TypeError                                 Traceback (most recent call last)
/home/aoi_hana/sympy/<ipython-input-6-52730bce1577> in <module>()
----> 1 (x+1)^2

TypeError: unsupported operand type(s) for ^: 'Add' and 'int'

In [2]: (x+1)**2
Out[2]:
       2
(x + 1)

However, in Yacas, you must use ^ for exponentiation, as ** isn't defined as an operator:

In> (x+1)**2
String(1) : Error parsing expression, near token **

In> (x+1)^2
Out> (x+1)^2

Another difference between SymPy and Yacas is that you have to define symbols in SymPy before you can use them, while in Yacas it isn't necessary.

SymPy

>>> x**2 + 2*x + 1
Traceback (most recent call last):
  File "<stdin>", line 1, in <module>
NameError: name 'x' is not defined

>>> from sympy import Symbol
>>> x = Symbol('x')
>>> x**2 + 2*x + 1
x**2 + 2*x + 1

Yacas

In> x^2+2*x+1 Out> x^2+2*x+1

Algebra

SymPy

To perform partial fraction decomposition apart(expr, x) must be used. To combine expressions, together(expr, x) is what you need. Here are some examples of these two and other common functions in iSymPy:

In [8]: 1/( (x**2+2*x+1)*(x**2-1) )
Out[8]:
           1
───────────────────────
⎛ 2    ⎞ ⎛ 2          ⎞
⎝x  - 1⎠⋅⎝x  + 2⋅x + 1⎠

In [9]: apart(1/( (x**2+2*x+1)*(x**2-1) ), x)
Out[9]:
      1           1            1            1
- ───────── - ────────── - ────────── + ─────────
  8⋅(x + 1)            2            3   8⋅(x - 1)
              4⋅(x + 1)    2⋅(x + 1)

In [10]: together(1/(x**2+2*x) - 3/(x+y) + 1/(x+y+z))
Out[10]:
x⋅(x + 2)⋅(x + y) - 3⋅x⋅(x + 2)⋅(x + y + z) + (x + y)⋅(x + y + z)
─────────────────────────────────────────────────────────────────
                  x⋅(x + 2)⋅(x + y)⋅(x + y + z)

The evalf() method and the N() function can be used to evaluate expressions:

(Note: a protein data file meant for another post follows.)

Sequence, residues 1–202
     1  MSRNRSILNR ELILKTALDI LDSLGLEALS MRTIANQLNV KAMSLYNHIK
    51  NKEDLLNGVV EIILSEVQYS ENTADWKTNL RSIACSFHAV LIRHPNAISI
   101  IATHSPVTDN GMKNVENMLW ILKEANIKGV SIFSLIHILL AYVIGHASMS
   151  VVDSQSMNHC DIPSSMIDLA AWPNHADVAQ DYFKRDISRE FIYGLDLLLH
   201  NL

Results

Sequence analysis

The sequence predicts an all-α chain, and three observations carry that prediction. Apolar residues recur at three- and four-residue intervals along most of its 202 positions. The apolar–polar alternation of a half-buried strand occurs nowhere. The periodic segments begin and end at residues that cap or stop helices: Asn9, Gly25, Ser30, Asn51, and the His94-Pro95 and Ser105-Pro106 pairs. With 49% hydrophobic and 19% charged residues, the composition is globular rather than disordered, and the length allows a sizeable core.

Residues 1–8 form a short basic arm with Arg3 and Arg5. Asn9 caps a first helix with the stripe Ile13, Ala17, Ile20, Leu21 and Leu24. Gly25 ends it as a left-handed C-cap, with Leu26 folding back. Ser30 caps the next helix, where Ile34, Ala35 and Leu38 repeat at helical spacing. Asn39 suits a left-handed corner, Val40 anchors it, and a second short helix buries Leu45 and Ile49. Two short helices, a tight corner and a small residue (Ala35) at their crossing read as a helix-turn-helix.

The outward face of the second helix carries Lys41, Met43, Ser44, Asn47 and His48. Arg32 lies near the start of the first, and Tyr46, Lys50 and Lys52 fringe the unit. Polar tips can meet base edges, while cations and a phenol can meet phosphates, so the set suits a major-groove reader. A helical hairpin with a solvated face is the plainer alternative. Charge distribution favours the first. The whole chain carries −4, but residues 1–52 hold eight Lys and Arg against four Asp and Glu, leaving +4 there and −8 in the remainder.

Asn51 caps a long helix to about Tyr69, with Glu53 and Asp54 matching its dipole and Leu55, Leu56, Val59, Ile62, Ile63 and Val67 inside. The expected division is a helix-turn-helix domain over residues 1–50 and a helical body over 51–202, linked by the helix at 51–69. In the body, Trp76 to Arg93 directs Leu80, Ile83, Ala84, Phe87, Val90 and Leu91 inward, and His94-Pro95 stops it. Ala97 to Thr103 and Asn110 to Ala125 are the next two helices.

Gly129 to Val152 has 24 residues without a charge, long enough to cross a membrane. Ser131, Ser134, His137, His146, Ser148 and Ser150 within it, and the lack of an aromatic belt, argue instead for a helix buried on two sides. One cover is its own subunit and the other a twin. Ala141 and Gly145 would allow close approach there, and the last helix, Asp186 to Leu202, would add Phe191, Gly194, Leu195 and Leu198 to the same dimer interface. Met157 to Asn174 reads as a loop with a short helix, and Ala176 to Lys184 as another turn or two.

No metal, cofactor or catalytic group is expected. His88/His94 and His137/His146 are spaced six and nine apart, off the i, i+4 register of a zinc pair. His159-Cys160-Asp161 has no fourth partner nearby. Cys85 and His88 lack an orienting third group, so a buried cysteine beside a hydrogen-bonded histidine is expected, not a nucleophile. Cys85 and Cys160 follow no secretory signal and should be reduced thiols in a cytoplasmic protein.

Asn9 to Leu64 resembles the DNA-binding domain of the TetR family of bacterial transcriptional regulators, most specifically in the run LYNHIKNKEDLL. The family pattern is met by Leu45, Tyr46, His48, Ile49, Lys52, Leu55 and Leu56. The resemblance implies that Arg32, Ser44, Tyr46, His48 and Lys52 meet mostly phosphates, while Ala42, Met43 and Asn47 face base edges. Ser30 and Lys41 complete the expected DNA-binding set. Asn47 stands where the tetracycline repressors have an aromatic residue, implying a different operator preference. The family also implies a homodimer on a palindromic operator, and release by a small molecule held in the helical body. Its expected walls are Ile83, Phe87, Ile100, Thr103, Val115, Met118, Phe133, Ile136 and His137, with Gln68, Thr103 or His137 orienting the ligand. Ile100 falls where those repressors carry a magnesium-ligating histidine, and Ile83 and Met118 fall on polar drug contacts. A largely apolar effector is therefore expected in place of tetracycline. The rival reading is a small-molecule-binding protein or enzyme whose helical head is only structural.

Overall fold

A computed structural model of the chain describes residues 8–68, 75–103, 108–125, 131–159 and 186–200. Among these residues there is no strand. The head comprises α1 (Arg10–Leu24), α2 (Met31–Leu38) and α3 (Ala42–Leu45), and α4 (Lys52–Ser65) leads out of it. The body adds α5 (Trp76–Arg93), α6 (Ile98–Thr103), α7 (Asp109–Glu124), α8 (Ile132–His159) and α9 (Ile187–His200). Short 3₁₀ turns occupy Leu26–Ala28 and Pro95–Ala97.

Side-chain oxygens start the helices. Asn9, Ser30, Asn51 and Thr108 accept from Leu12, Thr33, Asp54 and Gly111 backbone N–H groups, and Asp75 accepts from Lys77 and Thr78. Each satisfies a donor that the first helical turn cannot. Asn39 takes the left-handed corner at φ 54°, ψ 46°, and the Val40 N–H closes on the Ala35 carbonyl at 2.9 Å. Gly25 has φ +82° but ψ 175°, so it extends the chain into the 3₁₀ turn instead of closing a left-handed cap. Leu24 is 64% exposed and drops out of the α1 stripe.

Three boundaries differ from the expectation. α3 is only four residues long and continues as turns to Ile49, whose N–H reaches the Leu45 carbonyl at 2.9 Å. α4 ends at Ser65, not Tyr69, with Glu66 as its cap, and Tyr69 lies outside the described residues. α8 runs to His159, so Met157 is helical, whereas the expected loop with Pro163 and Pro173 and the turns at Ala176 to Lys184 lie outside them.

In [20]: pi.evalf()
Out[20]: 3.14159265358979

In [23]: N(sqrt(2)*pi, 50)
Out[23]: 4.4428829381583662470158809900606936986146216893757

Integrals can be used like regular expressions and support arbitrary precision:

In [24]: Integral(x**(-2*x), (x, 0, oo)).evalf(20)
Out[24]: 2.0784499818221828310

Yacas

The Apart(expr) and Together(expr) functions work in Yacas as well.

In> PrettyPrinter'Set("PrettyForm")

True

In> 1/( (x^2+2*x+1)*(x^2-1) )

               1
-------------------------------
/  2             \   /  2     \
\ x  + 2 * x + 1 / * \ x  - 1 /

In> Apart(1/( (x^2+2*x+1)*(x^2-1) ))

      1         /       1                1                1       \
------------- - | -------------- + -------------- + ------------- |
8 * ( x - 1 )   |              3                2   8 * ( x + 1 ) |
                \ 2 * ( x + 1 )    4 * ( x + 1 )                  /

In> Together(1/(x^2+2*x)- 3/(x+y) + 1/(x+y+z))

/     1          3   \
| ---------- - ----- | * ( x + y + z ) + 1
|  2           x + y |
\ x  + 2 * x         /
------------------------------------------
                x + y + z

N(expr) or N(expr, prec) can be used to determine the numerical approximation of expressions.

In> N(Pi)
Out> 3.1415926535897932384

In> N(Sqrt(2)*Pi, 49)
Out> 4.4428829381583662470158809900606936986146216893757

Calculus

Limits

SymPy

Limits in SymPy have the following syntax: limit(function, variable, point). Here are some examples:

Limit of f(x)= sin(x)/x as x -> 0

In [20]: from sympy import *

In [21]: x = Symbol('x')

In [22]: limit(sin(x)/x, x, 0)
Out[22]: 1

Limit of f(x)= 2*x+1 as x -> 5/2

In [24]: limit(2*x+1, x, S(5)/2)     # The *S()* method must be used for 5/2 to be Rational in SymPy
Out[24]: 6

You can also compute the left and right limits of an expression with the dir="+/-" argument.

In [5]: limit(1/x, x, oo)
Out[5]: 0

In [6]: limit(1/x, x, 0, dir="+")
Out[6]: ∞

In [7]: limit(1/x, x, 0, dir="-")
Out[7]: -∞

Yacas

The function Limit(var, val) expr returns the limit of an expression.

In> Limit(x,0) Sin(x)/x
Out> 1

In> Limit(x,5/2) 2*x+1
Out> 6

It is also possible to compute the left and right limits of a given expression.

In> Limit(x,0) 1/x
Out> Undefined
In> Limit(x,0,Left) 1/x
Out> -Infinity
In> Limit(x,0,Right) 1/x
Out> Infinity
Differentiation

SymPy

In [1]: from sympy import *

In [2]: x = Symbol('x')

In [3]: diff(cos(x**3), x)
Out[3]:
    2    ⎛ 3⎞
-3⋅x ⋅sin⎝x ⎠

In [4]: diff(atan(2*x), x)
Out[4]:
   2
────────
   2
4⋅x  + 1

In [6]: diff(1/tan(x), x)
Out[6]:
     2
- tan (x) - 1
─────────────
     2
  tan (x)

This is how you create a Bessel function of the first kind object and differentiate it:

In [7]: from sympy import besselj, jn

In [8]: from sympy.abc import z, n

In [9]: b = besselj(n, z)

In [10]: # Differentiate it:

In [11]: b.diff(z)
Out[11]:
besselj(n - 1, z)   besselj(n + 1, z)
───────────────── - ─────────────────
        2                   2

Yacas